This section is from the book "The American Woman's Cook Book", by Ruth Berolzheimer. Also available from Amazon: The Domestic Arts Edition of the American Woman's Cook Book.
The hard-shell clam is used for steaming. Scrub the shell with a brush and wash free of sand in several waters. Steam the clams in a steamer for ten minutes, or until opened. While the clams are steaming, melt the butter and mix with the lemon-juice, salt and pepper. Lay a napkin on a hot platter and place the clams in their shells on this. Cover with a second napkin and serve. In eating, remove the clam from the shell and dip it into the sauce. The thin, tough part known as the neck or siphon is not eaten.
Roasted in the Oven - Prepare the clams as for steaming, put them into a pan, set the pan in a hot oven (400°- 425 ° F.) and bake until the shells open. Remove the top shell, being careful not to spill the liquor. Arrange the clams in the half-shells on plates and on each place a piece of butter and a little pepper and salt. Add lemon-juice if desired. Serve immediately.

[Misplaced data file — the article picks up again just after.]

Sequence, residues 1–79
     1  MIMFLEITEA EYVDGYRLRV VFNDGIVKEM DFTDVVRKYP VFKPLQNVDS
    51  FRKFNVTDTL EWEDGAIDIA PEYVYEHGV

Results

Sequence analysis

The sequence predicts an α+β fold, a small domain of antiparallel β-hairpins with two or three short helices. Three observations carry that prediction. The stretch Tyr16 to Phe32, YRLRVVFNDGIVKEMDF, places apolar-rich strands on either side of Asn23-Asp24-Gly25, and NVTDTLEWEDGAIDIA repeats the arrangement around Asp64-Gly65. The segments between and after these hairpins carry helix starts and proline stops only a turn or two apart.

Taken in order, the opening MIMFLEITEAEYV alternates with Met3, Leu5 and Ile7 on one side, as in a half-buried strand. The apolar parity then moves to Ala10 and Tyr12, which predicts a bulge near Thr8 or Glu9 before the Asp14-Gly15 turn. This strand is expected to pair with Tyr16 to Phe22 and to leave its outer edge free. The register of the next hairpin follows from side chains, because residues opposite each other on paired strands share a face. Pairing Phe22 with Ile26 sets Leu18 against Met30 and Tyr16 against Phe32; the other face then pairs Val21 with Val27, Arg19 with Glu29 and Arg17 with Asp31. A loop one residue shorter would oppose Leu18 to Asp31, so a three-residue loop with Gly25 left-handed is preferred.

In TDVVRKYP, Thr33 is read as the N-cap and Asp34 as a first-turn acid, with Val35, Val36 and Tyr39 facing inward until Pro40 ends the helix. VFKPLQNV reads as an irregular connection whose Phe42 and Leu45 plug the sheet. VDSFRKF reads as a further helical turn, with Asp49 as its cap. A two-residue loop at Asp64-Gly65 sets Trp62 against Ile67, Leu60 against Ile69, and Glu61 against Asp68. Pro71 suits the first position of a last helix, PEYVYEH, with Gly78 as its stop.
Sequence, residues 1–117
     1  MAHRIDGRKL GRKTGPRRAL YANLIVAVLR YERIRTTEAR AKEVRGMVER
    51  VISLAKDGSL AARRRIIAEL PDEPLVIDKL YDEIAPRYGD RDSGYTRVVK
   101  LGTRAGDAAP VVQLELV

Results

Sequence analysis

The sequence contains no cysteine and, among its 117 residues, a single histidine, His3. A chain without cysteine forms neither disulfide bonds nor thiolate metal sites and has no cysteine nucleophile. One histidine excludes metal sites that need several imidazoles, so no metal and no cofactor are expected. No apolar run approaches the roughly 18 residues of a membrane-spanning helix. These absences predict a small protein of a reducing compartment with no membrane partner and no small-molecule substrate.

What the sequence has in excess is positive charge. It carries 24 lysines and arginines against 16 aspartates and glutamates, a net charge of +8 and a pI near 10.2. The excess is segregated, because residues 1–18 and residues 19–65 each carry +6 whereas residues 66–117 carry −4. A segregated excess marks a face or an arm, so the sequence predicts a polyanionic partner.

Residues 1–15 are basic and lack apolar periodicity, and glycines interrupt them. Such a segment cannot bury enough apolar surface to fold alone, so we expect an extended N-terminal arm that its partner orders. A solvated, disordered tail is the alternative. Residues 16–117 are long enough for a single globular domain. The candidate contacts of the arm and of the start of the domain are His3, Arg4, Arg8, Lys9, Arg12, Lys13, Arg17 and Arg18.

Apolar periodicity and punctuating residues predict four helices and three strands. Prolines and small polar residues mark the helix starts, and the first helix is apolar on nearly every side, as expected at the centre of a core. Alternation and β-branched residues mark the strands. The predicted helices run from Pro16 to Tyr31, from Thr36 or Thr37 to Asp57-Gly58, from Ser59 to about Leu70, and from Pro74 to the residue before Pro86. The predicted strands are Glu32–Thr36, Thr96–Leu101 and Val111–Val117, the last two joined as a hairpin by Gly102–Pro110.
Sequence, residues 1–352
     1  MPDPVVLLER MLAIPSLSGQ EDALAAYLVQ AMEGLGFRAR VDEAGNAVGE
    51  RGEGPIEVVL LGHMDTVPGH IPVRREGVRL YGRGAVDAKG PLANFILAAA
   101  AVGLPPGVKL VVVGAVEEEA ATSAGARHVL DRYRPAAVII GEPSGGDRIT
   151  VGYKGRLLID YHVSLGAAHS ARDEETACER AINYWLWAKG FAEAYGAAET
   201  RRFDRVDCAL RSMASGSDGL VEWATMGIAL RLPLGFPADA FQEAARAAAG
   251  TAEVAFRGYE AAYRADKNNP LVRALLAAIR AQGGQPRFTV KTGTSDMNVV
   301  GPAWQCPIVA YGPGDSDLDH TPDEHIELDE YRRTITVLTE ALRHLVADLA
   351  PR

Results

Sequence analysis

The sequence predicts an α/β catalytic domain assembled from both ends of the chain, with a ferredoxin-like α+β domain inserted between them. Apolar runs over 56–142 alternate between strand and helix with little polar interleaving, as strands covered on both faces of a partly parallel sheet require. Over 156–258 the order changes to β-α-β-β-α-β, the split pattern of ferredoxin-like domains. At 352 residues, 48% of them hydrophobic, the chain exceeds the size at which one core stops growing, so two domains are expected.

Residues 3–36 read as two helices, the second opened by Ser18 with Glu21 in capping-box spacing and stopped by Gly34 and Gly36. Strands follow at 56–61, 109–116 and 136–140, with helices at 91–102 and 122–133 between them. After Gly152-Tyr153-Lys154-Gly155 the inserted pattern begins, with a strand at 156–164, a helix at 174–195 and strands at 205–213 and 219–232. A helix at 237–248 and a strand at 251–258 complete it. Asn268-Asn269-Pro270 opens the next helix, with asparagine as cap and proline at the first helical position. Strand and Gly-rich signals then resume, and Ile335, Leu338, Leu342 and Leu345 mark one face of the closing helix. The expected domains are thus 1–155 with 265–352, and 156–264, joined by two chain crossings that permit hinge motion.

Clam-bake Roast - The seashore is the natural place for a clam-bake, but it is possible to have one at any place where there is a flat open space. Preparations should begin several hours before the time set for the meal.
Make a circle of flat stones - from two to four feet in diameter, according to the size of the party - and on this circle build a hot fire of wood. Let this burn for two or three hours. Then rake off the fire and cover the hot stones with fresh seaweed. On this lay fresh clams in their shells; also, if desired, oysters, potatoes in the skins, corn in the husk, and anything else that may be steamed. Cover with a thick layer of sea-weed, and over all spread a large piece of sailcloth, fastening down the edges with stones. Leave for two or three hours; remove the cloth and the top layer of seaweed, and rake out the clams and other foods as needed.
The same materials may be cooked in a large kettle at home using cheese-cloth between the layers, but will lack the fine flavor of the real clam-bake.